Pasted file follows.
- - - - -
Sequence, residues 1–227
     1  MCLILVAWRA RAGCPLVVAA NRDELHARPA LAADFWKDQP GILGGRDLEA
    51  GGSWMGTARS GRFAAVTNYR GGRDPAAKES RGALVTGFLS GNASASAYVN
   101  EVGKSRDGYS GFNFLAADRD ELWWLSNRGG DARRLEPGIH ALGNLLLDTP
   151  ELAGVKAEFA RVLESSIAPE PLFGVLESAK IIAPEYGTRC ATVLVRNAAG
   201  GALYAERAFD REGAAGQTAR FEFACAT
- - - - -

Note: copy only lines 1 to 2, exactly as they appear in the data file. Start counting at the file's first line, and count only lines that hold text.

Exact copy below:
Sequence, residues 1–227
     1  MCLILVAWRA RAGCPLVVAA NRDELHARPA LAADFWKDQP GILGGRDLEA